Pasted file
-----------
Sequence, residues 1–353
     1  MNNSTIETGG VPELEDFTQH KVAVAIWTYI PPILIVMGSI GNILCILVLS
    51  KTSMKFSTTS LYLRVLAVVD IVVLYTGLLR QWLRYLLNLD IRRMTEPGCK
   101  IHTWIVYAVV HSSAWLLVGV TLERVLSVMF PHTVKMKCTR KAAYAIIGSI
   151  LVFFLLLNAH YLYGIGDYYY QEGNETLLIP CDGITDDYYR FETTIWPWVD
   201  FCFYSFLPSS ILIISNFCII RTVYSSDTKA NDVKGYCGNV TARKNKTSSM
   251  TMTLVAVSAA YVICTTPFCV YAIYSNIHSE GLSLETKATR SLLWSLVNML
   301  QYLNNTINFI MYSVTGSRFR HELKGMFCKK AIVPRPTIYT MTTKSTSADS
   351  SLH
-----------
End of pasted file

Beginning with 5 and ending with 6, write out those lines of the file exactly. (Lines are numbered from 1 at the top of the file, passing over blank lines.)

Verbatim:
   151  LVFFLLLNAH YLYGIGDYYY QEGNETLLIP CDGITDDYYR FETTIWPWVD
   201  FCFYSFLPSS ILIISNFCII RTVYSSDTKA NDVKGYCGNV TARKNKTSSM